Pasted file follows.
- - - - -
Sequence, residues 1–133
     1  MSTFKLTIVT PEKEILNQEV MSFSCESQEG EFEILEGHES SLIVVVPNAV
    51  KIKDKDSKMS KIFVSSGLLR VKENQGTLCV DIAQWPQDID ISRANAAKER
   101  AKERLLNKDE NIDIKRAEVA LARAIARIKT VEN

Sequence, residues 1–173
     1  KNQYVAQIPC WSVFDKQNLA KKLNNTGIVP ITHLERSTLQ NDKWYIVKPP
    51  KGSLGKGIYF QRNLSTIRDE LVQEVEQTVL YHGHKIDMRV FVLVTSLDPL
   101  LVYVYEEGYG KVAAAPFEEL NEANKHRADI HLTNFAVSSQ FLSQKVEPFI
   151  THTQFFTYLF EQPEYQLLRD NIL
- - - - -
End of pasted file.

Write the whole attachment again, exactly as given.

Sequence, residues 1–133
     1  MSTFKLTIVT PEKEILNQEV MSFSCESQEG EFEILEGHES SLIVVVPNAV
    51  KIKDKDSKMS KIFVSSGLLR VKENQGTLCV DIAQWPQDID ISRANAAKER
   101  AKERLLNKDE NIDIKRAEVA LARAIARIKT VEN

Sequence, residues 1–173
     1  KNQYVAQIPC WSVFDKQNLA KKLNNTGIVP ITHLERSTLQ NDKWYIVKPP
    51  KGSLGKGIYF QRNLSTIRDE LVQEVEQTVL YHGHKIDMRV FVLVTSLDPL
   101  LVYVYEEGYG KVAAAPFEEL NEANKHRADI HLTNFAVSSQ FLSQKVEPFI
   151  THTQFFTYLF EQPEYQLLRD NIL